Each piece is sculpted by hand using stoneware clay. Even though I use coiling technique 99% of the time, I adopt different techniques in the process if needed. Most of the surfaces are natural – either fired without glaze and textured by hand or coated with underglaze. I often use glazes with an intention to create plaster, marble or stone like surfaces which adds another dimension to my work.

    9. What advices could you give to beginning artists who would like to create sculptural design works ?

    Consistency and self-discipline are the key. These alone won’t provide instant success but they will create a solid foundation to work with. Going to the studio every day, touching the material you are working with, sketching and researching will keep a fresh mind, perspective and connection to work while building a routine.

    10. If your works had to belong to a design movement, in which one would you define it ?

    Even though I don’t believe in titles and like to put my work in boxes, I see them as a reflection of my understanding of what contemporary, modern and abstract art is.

    11. What designers have influenced you ?

    Not only designers but some artists, sculptors and architects that I am drawn to are; Henry Moore, Isamu Noguchi, Karl Blossfeldt, Hilma af Klint, Gaetano Pesce, Jean Arp, Valentine Schlegel, Constantin Brancusi, Marina Abramovic, Luis Barragan and Salvador Dali.

    12. What contemporary designers do you appreciate ?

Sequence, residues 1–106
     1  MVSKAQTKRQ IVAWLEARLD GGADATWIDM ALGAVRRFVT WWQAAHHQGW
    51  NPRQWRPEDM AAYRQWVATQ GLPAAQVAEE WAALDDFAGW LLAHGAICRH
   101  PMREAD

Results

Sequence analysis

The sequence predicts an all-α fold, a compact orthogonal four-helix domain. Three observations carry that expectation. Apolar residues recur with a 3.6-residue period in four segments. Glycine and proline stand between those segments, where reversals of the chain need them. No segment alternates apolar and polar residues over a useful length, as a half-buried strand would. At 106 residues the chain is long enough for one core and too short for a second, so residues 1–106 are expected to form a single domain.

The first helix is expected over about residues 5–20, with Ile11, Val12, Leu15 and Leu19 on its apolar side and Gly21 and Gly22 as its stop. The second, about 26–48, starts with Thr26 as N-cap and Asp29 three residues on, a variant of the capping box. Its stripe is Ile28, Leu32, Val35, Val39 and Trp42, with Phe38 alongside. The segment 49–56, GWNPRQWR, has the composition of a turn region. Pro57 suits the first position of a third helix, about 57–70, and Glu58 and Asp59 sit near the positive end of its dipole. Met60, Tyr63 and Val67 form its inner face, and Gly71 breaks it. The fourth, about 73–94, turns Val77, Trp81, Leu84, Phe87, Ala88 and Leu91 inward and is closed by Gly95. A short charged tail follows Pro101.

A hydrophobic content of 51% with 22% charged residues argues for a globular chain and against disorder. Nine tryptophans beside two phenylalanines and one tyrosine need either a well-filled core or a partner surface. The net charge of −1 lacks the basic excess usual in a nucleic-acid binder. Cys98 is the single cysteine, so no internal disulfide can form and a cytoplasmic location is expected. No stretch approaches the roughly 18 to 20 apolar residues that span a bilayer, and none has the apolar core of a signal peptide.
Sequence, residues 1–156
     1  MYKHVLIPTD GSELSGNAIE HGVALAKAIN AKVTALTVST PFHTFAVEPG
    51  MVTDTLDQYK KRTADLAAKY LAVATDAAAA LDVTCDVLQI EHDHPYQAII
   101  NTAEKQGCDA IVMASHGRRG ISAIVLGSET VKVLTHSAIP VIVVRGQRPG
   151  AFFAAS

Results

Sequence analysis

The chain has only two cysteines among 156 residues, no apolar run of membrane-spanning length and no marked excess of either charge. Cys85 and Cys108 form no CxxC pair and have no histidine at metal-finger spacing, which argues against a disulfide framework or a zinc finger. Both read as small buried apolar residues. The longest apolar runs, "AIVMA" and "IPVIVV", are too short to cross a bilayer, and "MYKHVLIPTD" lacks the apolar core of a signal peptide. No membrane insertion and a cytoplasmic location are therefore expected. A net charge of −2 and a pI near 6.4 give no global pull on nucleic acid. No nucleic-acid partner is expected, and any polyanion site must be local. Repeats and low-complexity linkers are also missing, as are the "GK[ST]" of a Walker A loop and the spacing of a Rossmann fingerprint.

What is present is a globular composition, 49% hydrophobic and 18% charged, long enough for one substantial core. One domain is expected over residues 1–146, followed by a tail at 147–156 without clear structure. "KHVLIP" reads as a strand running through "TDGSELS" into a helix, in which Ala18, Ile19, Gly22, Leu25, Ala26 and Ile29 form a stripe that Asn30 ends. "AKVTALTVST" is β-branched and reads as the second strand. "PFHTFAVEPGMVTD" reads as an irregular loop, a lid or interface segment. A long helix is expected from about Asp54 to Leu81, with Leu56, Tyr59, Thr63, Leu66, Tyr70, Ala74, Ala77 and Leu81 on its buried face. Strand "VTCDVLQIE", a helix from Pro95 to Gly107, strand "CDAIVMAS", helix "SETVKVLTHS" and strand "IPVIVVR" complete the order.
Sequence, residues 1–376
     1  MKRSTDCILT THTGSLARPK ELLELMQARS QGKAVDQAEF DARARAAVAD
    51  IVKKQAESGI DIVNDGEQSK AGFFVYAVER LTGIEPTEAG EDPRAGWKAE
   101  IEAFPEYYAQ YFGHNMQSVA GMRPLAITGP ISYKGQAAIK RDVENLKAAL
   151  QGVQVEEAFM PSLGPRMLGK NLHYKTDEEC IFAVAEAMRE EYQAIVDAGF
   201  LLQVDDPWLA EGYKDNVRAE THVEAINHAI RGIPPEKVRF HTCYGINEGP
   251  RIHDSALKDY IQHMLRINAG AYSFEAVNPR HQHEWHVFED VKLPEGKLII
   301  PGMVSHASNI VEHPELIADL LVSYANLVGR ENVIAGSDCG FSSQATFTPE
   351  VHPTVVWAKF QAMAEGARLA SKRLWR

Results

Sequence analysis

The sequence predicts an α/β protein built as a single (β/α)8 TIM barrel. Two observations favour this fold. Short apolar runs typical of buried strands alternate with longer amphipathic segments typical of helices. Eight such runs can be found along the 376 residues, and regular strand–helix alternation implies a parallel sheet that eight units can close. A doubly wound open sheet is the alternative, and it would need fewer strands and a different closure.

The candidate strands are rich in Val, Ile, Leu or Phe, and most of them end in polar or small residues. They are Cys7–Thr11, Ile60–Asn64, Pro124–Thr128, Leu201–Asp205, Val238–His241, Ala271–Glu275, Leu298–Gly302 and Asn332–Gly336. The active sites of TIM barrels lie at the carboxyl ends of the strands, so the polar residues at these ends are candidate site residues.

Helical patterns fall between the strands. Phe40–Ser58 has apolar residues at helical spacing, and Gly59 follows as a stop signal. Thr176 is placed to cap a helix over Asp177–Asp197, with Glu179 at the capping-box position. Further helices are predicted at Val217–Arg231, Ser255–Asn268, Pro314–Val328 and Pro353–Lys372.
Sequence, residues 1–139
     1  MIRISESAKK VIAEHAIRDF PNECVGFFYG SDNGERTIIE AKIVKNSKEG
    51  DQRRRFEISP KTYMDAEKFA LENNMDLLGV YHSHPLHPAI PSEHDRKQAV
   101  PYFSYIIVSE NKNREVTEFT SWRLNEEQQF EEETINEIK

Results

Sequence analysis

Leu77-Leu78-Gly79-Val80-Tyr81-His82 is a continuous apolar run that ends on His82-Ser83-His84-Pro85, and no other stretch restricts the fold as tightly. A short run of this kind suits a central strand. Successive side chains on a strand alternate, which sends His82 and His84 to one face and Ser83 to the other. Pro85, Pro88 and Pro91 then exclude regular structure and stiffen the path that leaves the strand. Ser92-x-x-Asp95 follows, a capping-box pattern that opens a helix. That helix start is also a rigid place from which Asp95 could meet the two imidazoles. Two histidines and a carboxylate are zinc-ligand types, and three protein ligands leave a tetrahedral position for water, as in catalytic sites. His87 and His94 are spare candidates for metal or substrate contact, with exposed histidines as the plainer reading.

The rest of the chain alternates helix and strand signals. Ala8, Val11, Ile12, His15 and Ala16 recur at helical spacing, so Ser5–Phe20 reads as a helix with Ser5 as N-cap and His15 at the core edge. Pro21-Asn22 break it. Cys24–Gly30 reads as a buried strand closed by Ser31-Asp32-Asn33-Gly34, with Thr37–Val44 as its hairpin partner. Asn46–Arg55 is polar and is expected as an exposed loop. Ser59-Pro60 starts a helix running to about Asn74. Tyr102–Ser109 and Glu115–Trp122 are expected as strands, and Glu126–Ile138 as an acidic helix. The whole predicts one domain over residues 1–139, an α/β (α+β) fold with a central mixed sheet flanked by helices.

It’s hard to pinpoint names but there are quite a few that catch my attention.

    13. What contemporary artists (in any kind of art) have you been inspired by ?

    I am currently very interested in the theory and practice of movement language founded by Ohad Naharin, an Israeli choreographer and contemporary dancer. It is a language through body that resists the foundation of traditional dance techniques and emphasizes the practitioner’s somatic experience. The reason why it is defined as a language rather than a dance technique is that it is based on the interpretation of a series of images described by the tutor who is also a participant of the class. After having the chance to practice it, I find it a genuinely liberating experience as it forces each participant to move beyond the limits while demanding improvisation, expression, exploration and understanding of oneself and their surroundings. It is a deeply inspiring and imaginative practice that moves through and beyond senses.

    14. If you had to summarize your creations in one word or sentence, what would it be ?

    Abstract and biomorphic pieces sculpted by hand with an utmost attention to detail.

    15. Is there anything you would like to add ?

    Thank you for inviting me to take part in this series of interviews.

    Proust Questionnaire with very short answers (one or a few words) :
    (The Proust Questionnaire is a set of questions answered by the French writer Marcel Proust. Other historical figures who have answered confession albums are Oscar Wilde, Karl Marx, Arthur Conan Doyle, Stéphane Mallarmé, Paul Cézanne…)